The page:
“Adoration of the Shepherds”, El Greco – description of the painting

Description of the picture:

Adoration of the Shepherds – El Greco. 1612-1613. Canvas, oil. Three hundred nineteen x 100 eighty cm.

   The painting “Adoration of the Magi” was painted especially for the altar of the church in Toledo. El Greco chose a recognizable religious plot – the shepherds came to the cave to worship the newborn Christ. Many painters before and after resorted to this topic, but only the great Spaniard came out with a very mysterious, magical embodiment of the gospel text.

   Elongated, disproportionate figures, a difficult assembly of the composition are complemented by a magical play of light. The painter has always experimented with color and light, but the work specifically presented, one of the last in the artist’s biography, indicates the highest mastery of plot development through professionally placed accents with light spots.

   Magic light pulls out two groups from the dark place of the cave: in the lower part there are people – a baby with the Virgin Mary and the shepherds, and in the upper half we see cherubs and angels, which testify to the highest divine purpose of the newborn. El Greco emphasizes the same idea with color, making the image of Christ the most catchy bright spot.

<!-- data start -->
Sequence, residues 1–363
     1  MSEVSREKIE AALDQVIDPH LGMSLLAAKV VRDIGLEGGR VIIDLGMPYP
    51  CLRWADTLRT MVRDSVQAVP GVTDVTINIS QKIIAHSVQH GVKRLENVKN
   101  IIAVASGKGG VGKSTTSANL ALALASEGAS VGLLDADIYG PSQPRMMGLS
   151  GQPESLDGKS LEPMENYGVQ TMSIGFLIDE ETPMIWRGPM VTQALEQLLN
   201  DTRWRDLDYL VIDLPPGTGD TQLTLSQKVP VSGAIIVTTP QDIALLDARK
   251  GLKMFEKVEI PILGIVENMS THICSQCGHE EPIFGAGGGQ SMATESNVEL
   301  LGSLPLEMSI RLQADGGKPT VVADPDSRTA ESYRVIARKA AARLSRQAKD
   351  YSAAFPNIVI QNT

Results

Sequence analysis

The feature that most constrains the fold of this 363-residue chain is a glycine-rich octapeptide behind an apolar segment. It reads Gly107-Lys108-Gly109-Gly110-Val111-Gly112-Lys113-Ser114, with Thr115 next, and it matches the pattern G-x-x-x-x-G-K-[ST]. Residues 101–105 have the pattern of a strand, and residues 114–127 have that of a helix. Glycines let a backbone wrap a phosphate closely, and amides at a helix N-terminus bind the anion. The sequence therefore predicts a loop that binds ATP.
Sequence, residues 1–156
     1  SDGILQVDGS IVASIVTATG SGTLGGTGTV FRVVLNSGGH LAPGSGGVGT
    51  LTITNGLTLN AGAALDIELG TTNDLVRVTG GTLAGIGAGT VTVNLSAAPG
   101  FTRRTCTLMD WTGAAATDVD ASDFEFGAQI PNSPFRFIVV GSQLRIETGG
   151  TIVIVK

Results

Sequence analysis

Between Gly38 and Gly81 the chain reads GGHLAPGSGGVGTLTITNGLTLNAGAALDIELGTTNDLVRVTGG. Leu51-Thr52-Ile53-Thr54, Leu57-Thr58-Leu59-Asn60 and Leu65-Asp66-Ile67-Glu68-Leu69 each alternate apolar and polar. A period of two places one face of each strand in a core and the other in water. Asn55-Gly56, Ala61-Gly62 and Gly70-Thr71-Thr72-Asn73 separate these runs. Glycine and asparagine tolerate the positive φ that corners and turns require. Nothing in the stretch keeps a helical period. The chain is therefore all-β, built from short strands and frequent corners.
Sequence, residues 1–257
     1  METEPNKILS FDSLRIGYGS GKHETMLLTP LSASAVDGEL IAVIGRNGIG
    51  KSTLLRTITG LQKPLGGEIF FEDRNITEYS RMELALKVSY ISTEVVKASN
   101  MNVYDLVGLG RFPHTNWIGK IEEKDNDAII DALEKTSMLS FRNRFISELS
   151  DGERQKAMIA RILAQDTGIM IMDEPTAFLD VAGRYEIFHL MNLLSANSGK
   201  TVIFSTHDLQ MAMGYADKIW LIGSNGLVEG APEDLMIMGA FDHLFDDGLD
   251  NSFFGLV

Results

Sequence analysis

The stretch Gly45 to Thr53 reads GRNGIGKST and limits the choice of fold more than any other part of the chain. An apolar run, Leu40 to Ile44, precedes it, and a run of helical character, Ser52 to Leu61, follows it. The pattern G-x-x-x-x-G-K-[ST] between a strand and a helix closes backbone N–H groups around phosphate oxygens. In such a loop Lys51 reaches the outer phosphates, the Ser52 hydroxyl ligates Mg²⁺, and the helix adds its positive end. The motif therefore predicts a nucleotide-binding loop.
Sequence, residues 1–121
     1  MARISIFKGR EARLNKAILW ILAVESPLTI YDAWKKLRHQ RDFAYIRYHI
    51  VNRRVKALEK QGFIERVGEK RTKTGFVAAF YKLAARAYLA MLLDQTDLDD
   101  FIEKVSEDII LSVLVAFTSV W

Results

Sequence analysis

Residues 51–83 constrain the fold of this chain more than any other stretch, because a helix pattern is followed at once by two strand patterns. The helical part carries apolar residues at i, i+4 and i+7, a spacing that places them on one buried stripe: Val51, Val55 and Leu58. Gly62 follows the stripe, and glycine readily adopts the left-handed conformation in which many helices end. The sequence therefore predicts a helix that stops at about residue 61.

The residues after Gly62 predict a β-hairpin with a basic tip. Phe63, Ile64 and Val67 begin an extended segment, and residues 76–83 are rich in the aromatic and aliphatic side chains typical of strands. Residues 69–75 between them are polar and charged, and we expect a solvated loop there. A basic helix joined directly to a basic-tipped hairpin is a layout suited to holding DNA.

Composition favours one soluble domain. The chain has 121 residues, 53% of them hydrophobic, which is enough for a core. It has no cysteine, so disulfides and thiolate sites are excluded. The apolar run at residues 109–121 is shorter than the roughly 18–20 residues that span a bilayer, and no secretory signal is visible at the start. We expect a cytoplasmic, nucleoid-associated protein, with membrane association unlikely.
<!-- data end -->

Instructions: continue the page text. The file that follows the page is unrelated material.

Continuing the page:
Looking at Jesus, the viewer suddenly realizes that this magical light, which is enough to illuminate the cave and all the characters, comes from the manger. There is no hesitation that El Greco was a deeply religious person! You can see how sorrowful the faces of Christ flying over, angels — they know what fate is destined for him: it is painful to die in the name of the Salvation of the world’s population.

   There is information that one of the students of El Greco claimed that the master also depicted himself on the canvas, in the face of a shepherd in a reddish vestment, kneeling.

   The deepest shadows laying on the walls, catchy light, dark background – all this erases the differences between the earthly and heavenly worlds, turning the biblical scene into a vision, a sacred dream."